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New Zealand v England, 2nd Test, Wellington, 3rd day
David Lloyd: England's lead is unassailable
March 15, 2008
An unspectacular day of cricket, but England made steady progress and most importantly took their lead past 400
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Alastair Cook: a first six in international cricket © Getty Images

Andrew Miller: Today England built well on their overnight lead of 148, carried it past 400 mark, but David Lloyd alongside me, it wasn't the most spectacular day of cricket that we have had?

David Lloyd: No, I think they are maneuvering their position England and the one thing that they do have is time. You've got two more days left in the game; the lead is unassailable for me, they have worked their way towards it.

We've had a great day here at Wellington and it's been perfect for England's batsmen. Mark Richardson said that if the sun comes out then the pitch will be much easier. It's still doing enough for the quicker bowlers but you've got to bowl straight and you've got to bowl accurately. So, England will be thrilled by the conditions today but the first thing that they will do tomorrow morning, throw the curtains back and hope for a cloudy and chilly day tomorrow.

AM: What do we make of England's batting, because a lot has been made of the lack of confidence in the top order, an once again several people got in but no one quite went on?

DL: They've got the lead, that's number one. It's been a nearly innings, they've nearly done very well. They didn't press the accelerator and try and take New Zealand to cleaners, which I thought they could have done and pushed on a lot more. Andrew Strauss, we will talk about him, showed glimpses - he got to 44 and he survived one massive lbw and then played all around one to be lbw, but what he has done is to ensure that he plays in the last Test match on one of the flattest pitch that you are ever going to see down in Napier.

Alistair Cook played attractively for 60, Paul Collingwood continues to be England's Mr Reliable, it's been a nearly innings for him. I thought Kevin Pietersen was getting there and you need a little bit of luck, but that was wretched luck - Ian Bell drives the ball back down the ground, Chris Martin gets a finger end on it and he is about 2 meters or a meter short of his ground. So England satisfied with their day's work but it has been unspectacular.

AM: Pietersen must be feeling gutted now, it's now ten innings without even a half century, it's his worst trot in international cricket and I suppose it shows that he is human after all.

DL: It [his average] has just dropped below an average of fifty for the first time. So in my opinion he is going to take somebody to the cleaners, Kevin Pietersen. He has had some difficult situation to bat in, and I am going back to Sri Lanka on the pitches which were very slow and England in trouble, he had to stay in and not play in his own way, his natural way and it was the same case in Hamilton. If he gets in at Napier then it might be a totally different story, because we all know what Kevin is like. He has got a brilliant ego, which is good ego for playing cricket, and he must be saying that somebody is going to suffer for this.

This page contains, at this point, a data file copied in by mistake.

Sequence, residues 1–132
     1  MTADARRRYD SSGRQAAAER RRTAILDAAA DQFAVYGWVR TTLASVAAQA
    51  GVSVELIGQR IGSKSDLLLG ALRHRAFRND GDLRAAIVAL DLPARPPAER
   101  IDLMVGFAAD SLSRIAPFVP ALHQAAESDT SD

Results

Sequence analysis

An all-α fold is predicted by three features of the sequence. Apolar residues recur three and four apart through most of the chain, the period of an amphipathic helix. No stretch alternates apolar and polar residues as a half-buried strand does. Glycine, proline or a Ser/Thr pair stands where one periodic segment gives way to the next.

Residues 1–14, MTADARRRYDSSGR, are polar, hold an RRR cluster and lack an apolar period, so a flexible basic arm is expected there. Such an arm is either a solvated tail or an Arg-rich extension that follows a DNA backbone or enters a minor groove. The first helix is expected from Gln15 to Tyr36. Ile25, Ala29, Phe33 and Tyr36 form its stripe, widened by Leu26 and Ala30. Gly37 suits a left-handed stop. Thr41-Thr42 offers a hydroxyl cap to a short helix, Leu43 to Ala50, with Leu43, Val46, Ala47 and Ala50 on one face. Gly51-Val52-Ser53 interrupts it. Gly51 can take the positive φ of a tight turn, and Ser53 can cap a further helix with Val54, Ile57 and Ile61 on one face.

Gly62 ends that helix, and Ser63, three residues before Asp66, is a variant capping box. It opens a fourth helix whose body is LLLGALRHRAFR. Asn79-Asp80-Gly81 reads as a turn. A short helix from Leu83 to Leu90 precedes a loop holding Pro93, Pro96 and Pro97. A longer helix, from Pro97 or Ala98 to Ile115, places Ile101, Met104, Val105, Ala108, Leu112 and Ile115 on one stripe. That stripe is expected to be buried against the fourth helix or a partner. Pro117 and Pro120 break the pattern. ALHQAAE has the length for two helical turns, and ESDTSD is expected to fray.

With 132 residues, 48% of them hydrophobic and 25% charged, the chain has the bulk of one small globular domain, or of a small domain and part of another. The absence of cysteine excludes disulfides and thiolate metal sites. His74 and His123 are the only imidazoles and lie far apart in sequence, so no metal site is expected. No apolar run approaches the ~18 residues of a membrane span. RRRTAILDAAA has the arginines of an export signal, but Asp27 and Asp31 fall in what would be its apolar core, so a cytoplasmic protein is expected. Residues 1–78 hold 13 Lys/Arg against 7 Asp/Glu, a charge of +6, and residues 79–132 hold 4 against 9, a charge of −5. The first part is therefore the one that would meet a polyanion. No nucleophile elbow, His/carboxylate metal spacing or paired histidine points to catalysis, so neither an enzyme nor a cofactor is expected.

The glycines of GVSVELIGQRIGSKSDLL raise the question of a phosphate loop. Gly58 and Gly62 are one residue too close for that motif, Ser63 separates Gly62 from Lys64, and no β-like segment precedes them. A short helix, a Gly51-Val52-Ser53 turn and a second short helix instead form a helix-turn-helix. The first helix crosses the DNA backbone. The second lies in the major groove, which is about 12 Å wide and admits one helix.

AM: There was one exciting moment earlier in the day, a memorable moment of Alistair Cook - he has gone more than two years in international cricket, hit 310 fours and finally he has hit his first six.

DL: Well, he will have to embellish that story over the years, say about 10 years time, that he hit his first six at Wellington. It was a searing pull over the square leg, it wasn't, it was a top edge that carried over the wicket keeper's head, nobody actually saw it in the end, but it crept over the line and that's his first six; so that stat is gone.

AM: So we know the stat - England haven't won overseas since their victory in India two years ago, they are looking good to do here, do you think New Zealand can save the game?

DL: No, I don't. I think England can get right into that top order. A lot will depend on that weather; I think we are still going to see a quick pitch in Wellington. It's been a very interesting cricket pitch without the spinners being involved. Who knows, two days cricket, will Monty Panesar have a roll to play in this? I doubt whether he will. It's all about England's pace bowlers bowling straight, aggressively and accurately; throwing the curtains back tomorrow and playing for a little bit of cloud.

AM: Well, there we have it - England have made unspectacular but very steady progress on the third day at Wellington. You've been listening to Cricinfo Talk.

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